ON-Lion Letter
The Federal Reserve is one of the most-disliked entities in the United States at present, right alongside the Internal Revenue Service.  Americans despise the Fed, but they're also generally a bit confused as to why they distrust our central bank.

Their animus is reasonable, though, because the Fed's most-famous function -- targeting the Fed funds rate -- is totally backwards.  In his book Who Needs the Fed?:  What Taylor Swift, Uber, and Robots Tell Us About Money, Credit, and Why We Should Abolish America's Central Bank, new from Encounter Books, John Tamny explains this backwardness.

Tamny is the Political Economy editor at Forbes, editor of RealClearMarkets, a senior economic advisor to Toreador Research & Trading, and a senior fellow at the Reason Foundation.

In modern times, he points out, the notion of credit has been perverted, so that most people believe it's money and that the supply of it can therefore be increased.  This false notion has aggrandized the Fed with power that it can't possibly use wisely.  The contrast between the grinding poverty of Baltimore and the abundance of Silicon Valley helps illustrate the problem, along with stories about Donald Trump, Robert Downey, Jr., Jim Harbaugh, and robots.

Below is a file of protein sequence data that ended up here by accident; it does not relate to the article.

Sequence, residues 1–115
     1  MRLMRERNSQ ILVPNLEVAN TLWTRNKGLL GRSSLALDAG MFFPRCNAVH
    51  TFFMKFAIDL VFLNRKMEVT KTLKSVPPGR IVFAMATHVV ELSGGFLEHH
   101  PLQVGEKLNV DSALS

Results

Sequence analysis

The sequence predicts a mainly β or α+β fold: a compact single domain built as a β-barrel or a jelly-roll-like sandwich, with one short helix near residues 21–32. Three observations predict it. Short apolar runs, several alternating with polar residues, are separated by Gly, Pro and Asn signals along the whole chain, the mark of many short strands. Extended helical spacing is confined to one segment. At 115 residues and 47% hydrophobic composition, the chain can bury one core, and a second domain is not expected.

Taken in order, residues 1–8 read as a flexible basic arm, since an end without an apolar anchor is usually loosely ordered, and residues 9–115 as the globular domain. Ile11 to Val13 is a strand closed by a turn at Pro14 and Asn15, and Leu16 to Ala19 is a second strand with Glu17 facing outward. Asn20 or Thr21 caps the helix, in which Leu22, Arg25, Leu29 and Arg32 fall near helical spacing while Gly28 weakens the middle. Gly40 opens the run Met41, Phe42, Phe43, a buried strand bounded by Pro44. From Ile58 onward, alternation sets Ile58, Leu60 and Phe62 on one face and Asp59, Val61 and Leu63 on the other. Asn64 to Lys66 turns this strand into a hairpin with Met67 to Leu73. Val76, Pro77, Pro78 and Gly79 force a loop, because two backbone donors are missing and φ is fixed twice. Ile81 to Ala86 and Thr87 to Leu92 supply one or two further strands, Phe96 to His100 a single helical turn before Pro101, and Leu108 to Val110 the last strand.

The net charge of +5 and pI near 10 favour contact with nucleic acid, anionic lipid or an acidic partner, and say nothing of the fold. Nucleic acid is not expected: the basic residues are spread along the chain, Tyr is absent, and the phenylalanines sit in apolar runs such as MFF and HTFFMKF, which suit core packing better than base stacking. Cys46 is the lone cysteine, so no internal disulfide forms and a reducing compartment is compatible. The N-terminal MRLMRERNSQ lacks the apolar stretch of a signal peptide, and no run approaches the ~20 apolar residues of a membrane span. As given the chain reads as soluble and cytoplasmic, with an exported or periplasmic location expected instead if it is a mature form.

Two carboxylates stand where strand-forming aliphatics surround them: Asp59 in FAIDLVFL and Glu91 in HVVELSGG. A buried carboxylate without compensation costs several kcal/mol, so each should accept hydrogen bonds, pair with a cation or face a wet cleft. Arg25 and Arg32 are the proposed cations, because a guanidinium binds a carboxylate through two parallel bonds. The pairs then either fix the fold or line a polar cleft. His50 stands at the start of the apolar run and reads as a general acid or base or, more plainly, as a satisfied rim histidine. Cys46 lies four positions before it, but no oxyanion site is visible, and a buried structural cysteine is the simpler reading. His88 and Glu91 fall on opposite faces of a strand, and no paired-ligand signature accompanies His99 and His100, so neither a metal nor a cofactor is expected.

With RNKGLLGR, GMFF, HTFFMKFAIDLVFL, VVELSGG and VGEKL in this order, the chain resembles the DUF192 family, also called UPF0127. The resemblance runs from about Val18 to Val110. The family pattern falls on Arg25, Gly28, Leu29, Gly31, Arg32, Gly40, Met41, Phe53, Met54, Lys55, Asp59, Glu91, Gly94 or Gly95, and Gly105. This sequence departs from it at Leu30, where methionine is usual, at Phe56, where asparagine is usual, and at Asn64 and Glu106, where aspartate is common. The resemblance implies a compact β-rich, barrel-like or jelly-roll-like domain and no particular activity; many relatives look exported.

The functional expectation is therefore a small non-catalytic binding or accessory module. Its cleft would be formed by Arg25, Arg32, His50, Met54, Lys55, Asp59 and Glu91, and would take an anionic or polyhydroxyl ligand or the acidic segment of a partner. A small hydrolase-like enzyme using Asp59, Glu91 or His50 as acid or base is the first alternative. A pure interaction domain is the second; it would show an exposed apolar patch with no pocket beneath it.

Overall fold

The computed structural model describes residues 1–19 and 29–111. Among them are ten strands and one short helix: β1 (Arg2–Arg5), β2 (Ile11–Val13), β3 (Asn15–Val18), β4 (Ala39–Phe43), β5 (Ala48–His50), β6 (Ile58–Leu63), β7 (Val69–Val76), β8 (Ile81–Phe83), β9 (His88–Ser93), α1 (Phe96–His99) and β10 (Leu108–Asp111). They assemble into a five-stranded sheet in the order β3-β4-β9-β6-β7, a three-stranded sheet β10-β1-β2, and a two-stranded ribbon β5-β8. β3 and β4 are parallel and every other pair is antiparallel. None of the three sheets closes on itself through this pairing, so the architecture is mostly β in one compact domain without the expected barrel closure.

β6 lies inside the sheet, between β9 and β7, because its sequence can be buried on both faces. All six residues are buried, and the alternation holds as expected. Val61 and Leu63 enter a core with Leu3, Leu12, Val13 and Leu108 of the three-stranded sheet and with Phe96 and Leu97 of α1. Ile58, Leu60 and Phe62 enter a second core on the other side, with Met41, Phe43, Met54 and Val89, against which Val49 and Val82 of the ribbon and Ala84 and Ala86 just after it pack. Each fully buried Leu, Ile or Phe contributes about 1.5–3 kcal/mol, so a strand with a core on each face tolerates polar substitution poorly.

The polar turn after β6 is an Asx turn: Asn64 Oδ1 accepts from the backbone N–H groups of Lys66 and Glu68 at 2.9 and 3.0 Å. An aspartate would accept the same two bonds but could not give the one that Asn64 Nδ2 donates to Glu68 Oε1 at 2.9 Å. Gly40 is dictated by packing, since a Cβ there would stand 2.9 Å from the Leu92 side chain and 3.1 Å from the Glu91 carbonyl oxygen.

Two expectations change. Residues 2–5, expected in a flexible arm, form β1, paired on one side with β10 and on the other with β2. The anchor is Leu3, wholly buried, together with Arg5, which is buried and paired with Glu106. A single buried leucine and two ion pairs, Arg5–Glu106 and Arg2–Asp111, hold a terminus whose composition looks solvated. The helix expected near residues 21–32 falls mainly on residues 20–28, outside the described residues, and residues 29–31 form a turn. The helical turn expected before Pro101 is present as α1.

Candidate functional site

Who Needs the Fed? makes a sober case against the Federal Reserve by explaining what credit really is, and why the Fed's existence is inimical to its creation.  Readers will come away entertained, much more knowledgeable, and prepared to argue that the Fed is merely superfluous on its best days, but perilous on its worst.

Encounter Books is an activity of Encounter for Culture and Education, a nonprofit group that is substantially supported by Milwaukee's Lynde and Harry Bradley Foundation, which also supports Reason Foundation projects.
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